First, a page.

Over the past three to four years, the Canadian self-storage industry has seen multi-story construction skyrocket. Several multi-story storage facilities have been built in and around the Greater Toronto area. In the Quebec area, one facility towers several stories.
An internal conversion of an existing building will generate a revenue stream much faster than a new build. This type of development puts high-priced, industrial properties within reach of the self-storage developer. This is especially effective when the price of land suitable for a self-storage facility could outweigh the return on investment.
Urban Multi-Story Mandate
Multi-use buildings are high in demand and often come with a hefty price tag that initially makes a self-storage conversion cost prohibitive. A multi-story internal conversion can put the project back in financial range. For these conversions, your investment will initially cost more per square foot than a single-story but your revenue could more than double.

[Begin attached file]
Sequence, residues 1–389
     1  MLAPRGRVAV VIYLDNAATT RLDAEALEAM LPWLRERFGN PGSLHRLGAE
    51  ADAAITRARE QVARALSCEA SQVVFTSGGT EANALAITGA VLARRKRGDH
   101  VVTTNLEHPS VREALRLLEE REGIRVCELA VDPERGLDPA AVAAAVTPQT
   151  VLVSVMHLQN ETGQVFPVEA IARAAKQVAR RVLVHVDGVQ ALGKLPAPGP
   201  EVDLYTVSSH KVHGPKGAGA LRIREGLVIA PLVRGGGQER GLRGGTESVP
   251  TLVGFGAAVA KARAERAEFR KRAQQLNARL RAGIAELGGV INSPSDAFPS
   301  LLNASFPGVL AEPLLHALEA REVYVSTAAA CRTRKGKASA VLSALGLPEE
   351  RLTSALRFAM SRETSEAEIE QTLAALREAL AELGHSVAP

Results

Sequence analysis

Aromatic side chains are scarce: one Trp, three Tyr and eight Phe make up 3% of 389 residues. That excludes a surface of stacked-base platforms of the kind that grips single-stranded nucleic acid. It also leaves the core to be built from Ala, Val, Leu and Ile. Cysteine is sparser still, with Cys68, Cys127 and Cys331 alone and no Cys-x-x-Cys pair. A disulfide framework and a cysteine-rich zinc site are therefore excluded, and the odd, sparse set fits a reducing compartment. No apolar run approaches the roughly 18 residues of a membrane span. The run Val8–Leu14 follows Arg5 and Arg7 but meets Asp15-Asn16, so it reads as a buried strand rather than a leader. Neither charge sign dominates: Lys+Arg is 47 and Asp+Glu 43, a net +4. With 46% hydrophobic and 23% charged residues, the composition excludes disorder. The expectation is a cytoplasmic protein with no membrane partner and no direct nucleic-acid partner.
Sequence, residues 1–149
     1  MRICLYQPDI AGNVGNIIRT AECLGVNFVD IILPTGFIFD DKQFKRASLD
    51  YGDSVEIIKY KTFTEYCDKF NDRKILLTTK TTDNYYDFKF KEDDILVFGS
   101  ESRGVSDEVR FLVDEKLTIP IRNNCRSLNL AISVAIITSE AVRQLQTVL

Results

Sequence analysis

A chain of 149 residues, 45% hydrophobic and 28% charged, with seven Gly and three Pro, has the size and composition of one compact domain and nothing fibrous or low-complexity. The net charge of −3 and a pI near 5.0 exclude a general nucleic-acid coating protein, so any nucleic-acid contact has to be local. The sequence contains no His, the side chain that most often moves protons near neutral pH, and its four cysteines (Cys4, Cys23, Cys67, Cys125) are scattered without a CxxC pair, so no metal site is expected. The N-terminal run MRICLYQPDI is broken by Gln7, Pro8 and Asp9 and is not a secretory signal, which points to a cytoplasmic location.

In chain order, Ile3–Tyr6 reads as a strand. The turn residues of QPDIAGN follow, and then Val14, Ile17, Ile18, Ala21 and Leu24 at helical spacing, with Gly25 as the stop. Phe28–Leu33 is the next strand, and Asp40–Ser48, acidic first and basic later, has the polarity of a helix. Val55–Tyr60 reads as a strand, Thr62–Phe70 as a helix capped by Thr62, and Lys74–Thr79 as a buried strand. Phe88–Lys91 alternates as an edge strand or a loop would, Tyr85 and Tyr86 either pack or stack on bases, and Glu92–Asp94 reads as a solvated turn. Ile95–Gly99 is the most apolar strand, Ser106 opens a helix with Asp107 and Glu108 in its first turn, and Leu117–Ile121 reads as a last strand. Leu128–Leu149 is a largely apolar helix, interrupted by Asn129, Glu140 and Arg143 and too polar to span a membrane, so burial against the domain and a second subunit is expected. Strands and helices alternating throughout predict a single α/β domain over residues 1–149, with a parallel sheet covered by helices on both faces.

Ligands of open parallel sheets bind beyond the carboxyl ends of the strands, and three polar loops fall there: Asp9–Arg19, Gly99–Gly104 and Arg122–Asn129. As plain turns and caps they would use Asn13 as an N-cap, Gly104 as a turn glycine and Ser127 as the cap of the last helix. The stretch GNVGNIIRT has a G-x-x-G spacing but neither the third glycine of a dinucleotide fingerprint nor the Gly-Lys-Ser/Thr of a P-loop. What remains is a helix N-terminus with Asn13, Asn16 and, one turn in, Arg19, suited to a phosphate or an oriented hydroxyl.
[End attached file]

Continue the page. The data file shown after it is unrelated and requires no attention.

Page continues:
Construction costs can increase because the first-floor conversion now becomes a structural design that requires a fire rating for the support members now holding up the new second level floor. The installation of elevators will also drive the overall square-foot costs above a comparable single-story construction. However, the final cost of this type of development does not double but your income potential may.
Double Your Revenue Streams
Let’s review the potential increased revenue stream of a two-story development versus single-story. In addition to rental units, there are required areas that take up valuable space on a single-story facility. These areas won’t be needed on the second floor. For example, it is normal to have covered or staging areas for your customers to offload. Also, the facility needs dedicated space for a government-mandated wheelchair washroom as well as retail. Administration and reception areas are becoming more elaborate in design and sophistication. Management office space is often designed to accommodate small meetings. Also, utility and electrical rooms all absorb rentable space.